SlimDoggy Dog Food Ranking Index
The SlimDoggy Dog Food Ranking Index (SFRI) was created to help people easily rank and compare foods. The rankings are based on the ingredients of a dog food and are converted into a mathematical value between 0 and 5, with 5 being the best.
This article is meant to provide an overview of our rating process and provide a simple framework so that you can make your own dog food evaluations. We have used this framework as the basis for our commercial dog food rankings that are available on our site and in the SlimDoggy iPhone App. Frequently Asked Questions (FAQs) are available as well.
A Snapshot of a Good Dog Food
Our overall philosophy is rooted in two core concepts:
- Dogs are meat eaters: dogs are descendants of the carnivore wolf, and thus, they should eat meat. Their ancestors ate a diet high in protein and fat and your dog should also. Note that fats are NOT evil! Dog’s bodies are built to well tolerate fat and in fact, fats are the first macronutrient used by the dog’s body to provide energy.
- Nature knows best: when given a choice between artificial and natural, choose natural. When given a choice between more processed and less processed, choose less processed.
At a very high level, for most normal and healthy dogs, their dog food should have the following attributes:
- High in protein and fat (meat or fish as a first ingredient).
- Relative to the average dog food, it should be low in carbohydrate content.
- Real, named protein sources (e.g., beef or chicken, not meat or poultry).
- Actual protein sources are preferred to “meals”.
- Minimal vegetable proteins sources (which are not as digestible as meat and fish proteins).
- No by-products.
- No artificial ingredients (e.g. food coloring like red 40, yellow 5, or preservatives like Propylene Glycol , which is used in anti-freeze and Ethoxyquin which is used in pesticides).
- Little or no fillers. If you see corn in the first few ingredients, be wary. You don’t want things like cellulose, hulls, or mill runs.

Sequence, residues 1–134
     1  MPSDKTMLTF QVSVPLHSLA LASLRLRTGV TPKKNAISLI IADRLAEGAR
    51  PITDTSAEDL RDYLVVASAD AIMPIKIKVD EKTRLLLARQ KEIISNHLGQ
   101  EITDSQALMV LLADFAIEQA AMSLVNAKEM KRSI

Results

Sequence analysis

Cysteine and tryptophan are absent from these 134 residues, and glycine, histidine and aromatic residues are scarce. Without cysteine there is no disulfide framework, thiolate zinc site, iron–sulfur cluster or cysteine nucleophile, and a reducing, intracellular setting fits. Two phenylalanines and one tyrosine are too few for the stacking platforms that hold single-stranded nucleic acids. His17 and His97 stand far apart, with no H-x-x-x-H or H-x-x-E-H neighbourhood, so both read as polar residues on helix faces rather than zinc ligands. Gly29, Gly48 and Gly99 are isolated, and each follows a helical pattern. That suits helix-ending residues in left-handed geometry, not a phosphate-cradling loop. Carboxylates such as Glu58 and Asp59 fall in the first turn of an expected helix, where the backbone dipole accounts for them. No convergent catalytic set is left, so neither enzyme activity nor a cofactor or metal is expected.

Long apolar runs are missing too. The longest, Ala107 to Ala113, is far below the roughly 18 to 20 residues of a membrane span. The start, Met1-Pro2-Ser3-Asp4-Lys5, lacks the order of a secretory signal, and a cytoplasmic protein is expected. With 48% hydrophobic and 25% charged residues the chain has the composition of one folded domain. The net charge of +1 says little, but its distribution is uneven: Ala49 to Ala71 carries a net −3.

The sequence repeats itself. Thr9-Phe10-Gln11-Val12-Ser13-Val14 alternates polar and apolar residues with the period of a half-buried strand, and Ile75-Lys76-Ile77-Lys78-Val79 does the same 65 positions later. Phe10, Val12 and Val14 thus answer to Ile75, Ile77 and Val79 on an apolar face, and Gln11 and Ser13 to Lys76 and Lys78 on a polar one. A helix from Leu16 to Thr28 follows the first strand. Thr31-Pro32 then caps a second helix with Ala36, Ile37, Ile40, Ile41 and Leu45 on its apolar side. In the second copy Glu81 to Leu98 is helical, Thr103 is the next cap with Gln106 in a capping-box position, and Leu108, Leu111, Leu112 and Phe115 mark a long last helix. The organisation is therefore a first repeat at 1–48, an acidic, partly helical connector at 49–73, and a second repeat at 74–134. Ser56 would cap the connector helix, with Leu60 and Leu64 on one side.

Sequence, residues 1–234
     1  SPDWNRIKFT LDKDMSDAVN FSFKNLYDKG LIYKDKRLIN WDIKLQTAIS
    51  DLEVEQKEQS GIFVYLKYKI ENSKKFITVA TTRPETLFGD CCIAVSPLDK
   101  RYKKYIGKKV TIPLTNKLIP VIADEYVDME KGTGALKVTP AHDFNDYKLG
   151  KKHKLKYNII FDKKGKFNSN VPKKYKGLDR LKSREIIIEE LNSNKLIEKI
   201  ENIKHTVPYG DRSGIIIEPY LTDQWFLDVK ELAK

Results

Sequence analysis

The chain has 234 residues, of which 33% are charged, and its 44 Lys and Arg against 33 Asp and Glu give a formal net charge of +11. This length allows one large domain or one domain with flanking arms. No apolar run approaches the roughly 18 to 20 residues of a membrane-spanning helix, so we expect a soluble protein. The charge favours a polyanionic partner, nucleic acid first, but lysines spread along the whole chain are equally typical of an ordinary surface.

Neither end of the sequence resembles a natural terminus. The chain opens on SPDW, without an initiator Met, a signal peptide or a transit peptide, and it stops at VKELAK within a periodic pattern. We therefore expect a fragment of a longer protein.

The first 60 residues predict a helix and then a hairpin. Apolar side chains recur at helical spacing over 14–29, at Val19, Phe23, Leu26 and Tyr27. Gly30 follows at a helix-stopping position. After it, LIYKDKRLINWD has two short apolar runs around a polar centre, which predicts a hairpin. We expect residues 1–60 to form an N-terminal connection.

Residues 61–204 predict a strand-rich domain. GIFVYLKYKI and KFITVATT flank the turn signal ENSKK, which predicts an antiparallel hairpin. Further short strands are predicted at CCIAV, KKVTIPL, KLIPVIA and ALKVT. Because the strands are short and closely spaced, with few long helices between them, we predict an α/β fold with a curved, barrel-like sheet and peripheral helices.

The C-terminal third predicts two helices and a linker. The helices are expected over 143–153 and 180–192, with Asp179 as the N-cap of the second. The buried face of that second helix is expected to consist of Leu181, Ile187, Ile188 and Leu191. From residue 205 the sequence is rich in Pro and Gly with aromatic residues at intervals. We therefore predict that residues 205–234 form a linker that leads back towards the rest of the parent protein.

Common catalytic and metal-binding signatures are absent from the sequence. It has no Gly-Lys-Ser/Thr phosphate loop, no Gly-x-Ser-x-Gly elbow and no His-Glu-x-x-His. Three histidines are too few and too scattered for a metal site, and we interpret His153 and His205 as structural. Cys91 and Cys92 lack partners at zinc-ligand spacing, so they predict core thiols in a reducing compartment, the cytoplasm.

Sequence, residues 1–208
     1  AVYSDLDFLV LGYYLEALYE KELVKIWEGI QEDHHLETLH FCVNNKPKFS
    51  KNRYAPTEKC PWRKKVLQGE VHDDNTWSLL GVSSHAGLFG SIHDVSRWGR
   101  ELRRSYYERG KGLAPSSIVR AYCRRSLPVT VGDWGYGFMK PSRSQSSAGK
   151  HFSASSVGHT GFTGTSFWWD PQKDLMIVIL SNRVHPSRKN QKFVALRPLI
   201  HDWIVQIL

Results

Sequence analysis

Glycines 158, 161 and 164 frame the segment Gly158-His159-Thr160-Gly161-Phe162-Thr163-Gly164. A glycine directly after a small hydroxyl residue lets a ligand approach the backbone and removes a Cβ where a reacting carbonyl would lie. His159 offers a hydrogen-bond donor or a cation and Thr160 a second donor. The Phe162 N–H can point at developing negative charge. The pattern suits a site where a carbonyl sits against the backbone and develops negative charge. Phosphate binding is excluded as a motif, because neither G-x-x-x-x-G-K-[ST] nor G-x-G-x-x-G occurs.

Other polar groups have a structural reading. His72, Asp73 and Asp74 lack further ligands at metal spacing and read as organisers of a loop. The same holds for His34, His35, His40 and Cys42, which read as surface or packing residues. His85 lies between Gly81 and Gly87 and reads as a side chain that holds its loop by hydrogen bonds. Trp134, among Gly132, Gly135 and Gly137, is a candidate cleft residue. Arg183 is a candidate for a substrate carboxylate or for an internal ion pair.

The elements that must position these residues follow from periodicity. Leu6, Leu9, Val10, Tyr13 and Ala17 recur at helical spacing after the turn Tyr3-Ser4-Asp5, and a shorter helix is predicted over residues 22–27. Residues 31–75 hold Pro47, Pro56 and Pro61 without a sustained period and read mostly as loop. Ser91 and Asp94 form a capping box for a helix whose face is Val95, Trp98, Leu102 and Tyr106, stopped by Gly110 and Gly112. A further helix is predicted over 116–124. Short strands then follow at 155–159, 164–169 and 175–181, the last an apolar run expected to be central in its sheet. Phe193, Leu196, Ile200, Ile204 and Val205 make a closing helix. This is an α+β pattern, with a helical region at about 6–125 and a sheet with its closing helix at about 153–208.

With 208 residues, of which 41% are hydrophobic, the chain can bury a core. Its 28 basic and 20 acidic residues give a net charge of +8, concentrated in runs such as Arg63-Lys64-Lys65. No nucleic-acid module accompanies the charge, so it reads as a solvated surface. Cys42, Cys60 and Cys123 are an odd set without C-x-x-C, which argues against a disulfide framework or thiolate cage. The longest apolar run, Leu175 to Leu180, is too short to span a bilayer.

- Low in sugar and artificial sweeteners.
- Fruits and vegetables as a source of vitamins. Foods that include named fruits and vegetables as part of their ingredients are preferred to foods that mostly list just vitamins as ingredients.
Our methodology ‘rewards’ foods that match with the above profile and ‘penalizes’ foods that don’t. We scrutinize the ingredients and macronutrient profiles of each food in our database and construct a ranking based on a scale of 0-5 with 5 being the highest.
Besides the ingredients themselves, there are other factors that can determine whether or not a food is a good fit for your dog. Although we are unable to consider these factors in our rankings, you should keep these in mind when evaluating what is best for your pet. Make sure to check with your vet before making marked changes in your dog’ diet.
- Food allergies. Your dog may be allergic to certain ingredients in which case you need to find foods that are free of the specific ingredient that your dog is allergic to. Consider single protein foods as a way to help you pinpoint the allergen. You can search the database for foods that don’t contain your pet’s specific allergens.
- Special health conditions. Some dogs may have health conditions that require special diets, like a lower protein or lower fat diet. (Note- senior and diet recipes are often higher in carbohydrates. We typically don’t recommend using these recipes unless there is a medical reason to do so).
- Budget. We recommend that you find the best possible food that will fit within your specific budget, however much it might be. Don’t settle!
- Ingredient sourcing and production environments. We have no way to confirm the dog food company’s sourcing policies. Nor can we evaluate the company’s production policies related to the actual cooking process (e.g. higher temperatures can reduce the nutrient values) or cleanliness and sanitation.
If you have any comments or questions, please don’t hesitate to ask either in the comments below or via email to email@example.com